Money & costs
The Falklands’ economy depended almost exclusively on wool exports from the mid-19th century until 1986.
Even today, most of Stanley’s population works for the local government (FIG) or for the FIC, the major landowner and economic power in the islands for more than a century. The FIC continues to provide shipping and other services, but it has sold all its pastoral property to the government for subdivision and sale to local people. In Camp, nearly everyone lives on relatively small, widely dispersed family-owned units and is involved in wool growing.
Fishing, however, has now eclipsed agriculture as a revenue producer. Prior to the 1982 war, the seas around the Falklands were unpoliced, open to any fishing fleets that cared to drop their nets. In 1987 Britain allowed the islands to declare a 150 nautical mile (278km) Conservation and Management Zone around the islands (since expanded to 200 nautical miles, or 370km). Since then, Asian and European fleets seeking squid and finfish have paid as much as £25 million per year to the islands in license fees and taxes. More recently, revenue has declined to £12–15 million per annum as a result of several very poor Illex squid-fishing seasons. In 2005 the Falklands government granted 25-year fishing contracts, ensuring a long-term revenue source for the islands.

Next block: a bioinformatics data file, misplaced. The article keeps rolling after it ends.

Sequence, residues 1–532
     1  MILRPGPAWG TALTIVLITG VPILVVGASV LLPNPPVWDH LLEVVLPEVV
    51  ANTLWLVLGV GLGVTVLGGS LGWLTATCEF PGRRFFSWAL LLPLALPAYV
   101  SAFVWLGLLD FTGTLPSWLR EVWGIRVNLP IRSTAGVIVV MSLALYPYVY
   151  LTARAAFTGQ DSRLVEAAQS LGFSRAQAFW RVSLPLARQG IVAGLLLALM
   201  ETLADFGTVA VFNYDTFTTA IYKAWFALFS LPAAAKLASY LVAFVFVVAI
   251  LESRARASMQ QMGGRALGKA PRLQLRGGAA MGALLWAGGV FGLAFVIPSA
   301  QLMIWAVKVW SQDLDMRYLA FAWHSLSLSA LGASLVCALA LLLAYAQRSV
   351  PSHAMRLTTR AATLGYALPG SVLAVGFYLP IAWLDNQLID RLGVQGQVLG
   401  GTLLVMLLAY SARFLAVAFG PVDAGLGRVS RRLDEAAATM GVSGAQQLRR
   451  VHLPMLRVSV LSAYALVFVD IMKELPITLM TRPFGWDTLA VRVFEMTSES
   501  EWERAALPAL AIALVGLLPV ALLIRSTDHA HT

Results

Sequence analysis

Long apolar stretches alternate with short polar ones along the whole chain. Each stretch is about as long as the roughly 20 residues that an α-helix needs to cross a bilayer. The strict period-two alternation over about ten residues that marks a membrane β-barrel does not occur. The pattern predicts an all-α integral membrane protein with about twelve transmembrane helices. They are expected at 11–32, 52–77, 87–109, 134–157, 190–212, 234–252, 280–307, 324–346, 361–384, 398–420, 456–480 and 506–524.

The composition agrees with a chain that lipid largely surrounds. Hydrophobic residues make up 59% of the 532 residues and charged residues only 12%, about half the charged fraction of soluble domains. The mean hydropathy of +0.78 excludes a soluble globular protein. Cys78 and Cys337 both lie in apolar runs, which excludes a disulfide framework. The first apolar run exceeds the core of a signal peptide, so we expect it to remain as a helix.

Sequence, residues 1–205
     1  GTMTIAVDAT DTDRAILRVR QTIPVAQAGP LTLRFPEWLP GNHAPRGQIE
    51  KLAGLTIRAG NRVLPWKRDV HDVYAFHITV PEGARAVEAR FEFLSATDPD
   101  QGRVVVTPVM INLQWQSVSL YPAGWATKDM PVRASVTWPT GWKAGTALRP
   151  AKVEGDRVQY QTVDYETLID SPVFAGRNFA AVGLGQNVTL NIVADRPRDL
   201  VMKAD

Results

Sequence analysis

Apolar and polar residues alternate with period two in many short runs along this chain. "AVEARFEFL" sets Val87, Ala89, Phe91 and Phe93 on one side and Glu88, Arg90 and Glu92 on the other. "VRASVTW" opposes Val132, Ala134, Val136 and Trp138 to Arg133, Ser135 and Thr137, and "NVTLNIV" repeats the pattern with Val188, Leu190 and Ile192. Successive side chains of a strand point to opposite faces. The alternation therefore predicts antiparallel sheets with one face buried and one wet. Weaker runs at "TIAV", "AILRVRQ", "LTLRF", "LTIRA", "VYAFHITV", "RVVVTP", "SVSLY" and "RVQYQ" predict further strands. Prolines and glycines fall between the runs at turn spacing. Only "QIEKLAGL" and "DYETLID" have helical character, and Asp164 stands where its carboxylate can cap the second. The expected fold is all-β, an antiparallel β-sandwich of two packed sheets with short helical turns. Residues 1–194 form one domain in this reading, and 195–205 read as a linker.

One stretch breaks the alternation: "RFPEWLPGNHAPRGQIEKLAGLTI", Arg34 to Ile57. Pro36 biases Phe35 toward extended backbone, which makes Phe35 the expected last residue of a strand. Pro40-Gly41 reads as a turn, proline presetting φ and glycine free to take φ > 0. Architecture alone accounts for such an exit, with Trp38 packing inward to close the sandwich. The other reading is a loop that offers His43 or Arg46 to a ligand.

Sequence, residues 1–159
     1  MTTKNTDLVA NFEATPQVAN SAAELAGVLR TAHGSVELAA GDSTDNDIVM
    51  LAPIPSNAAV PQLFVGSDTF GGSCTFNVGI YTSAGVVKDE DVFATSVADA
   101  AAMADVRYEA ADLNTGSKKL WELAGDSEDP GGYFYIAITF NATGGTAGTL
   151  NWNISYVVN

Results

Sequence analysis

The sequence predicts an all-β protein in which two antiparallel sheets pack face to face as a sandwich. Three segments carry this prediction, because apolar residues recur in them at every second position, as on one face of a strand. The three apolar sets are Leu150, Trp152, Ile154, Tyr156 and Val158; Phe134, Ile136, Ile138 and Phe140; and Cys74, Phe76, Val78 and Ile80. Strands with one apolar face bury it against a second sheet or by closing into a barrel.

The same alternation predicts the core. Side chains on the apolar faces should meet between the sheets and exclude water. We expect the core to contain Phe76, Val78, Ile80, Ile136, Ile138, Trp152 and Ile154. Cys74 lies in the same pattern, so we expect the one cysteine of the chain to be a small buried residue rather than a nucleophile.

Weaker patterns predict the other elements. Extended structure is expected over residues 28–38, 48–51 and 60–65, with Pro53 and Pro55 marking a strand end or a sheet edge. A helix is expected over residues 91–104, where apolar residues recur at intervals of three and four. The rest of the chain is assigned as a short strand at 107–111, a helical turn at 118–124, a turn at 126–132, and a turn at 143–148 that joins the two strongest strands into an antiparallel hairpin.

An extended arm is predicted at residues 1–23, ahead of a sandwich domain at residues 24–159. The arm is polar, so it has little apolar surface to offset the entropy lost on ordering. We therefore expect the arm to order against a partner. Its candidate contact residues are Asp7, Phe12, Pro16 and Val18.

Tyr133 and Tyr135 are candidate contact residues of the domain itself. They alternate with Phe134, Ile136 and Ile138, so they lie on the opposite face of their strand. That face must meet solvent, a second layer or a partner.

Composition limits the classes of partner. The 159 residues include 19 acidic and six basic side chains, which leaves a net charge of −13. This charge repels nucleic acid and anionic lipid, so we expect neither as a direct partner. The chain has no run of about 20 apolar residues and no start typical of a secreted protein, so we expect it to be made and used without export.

Offshore oil exploration has found promising indications of petroleum. Many islanders fret that major oil discoveries – and the vast wealth they would bring to the islands – will lead to new tensions with Argentina and a massive influx of outsiders that would be difficult to assimilate into the local population.
Falklands consumers stepped into the Internet-shopping Age in 2003, when the British government gave the islands a postcode (FIQQ 1ZZ). Previously, islanders routinely found their orders rejected when shopping online.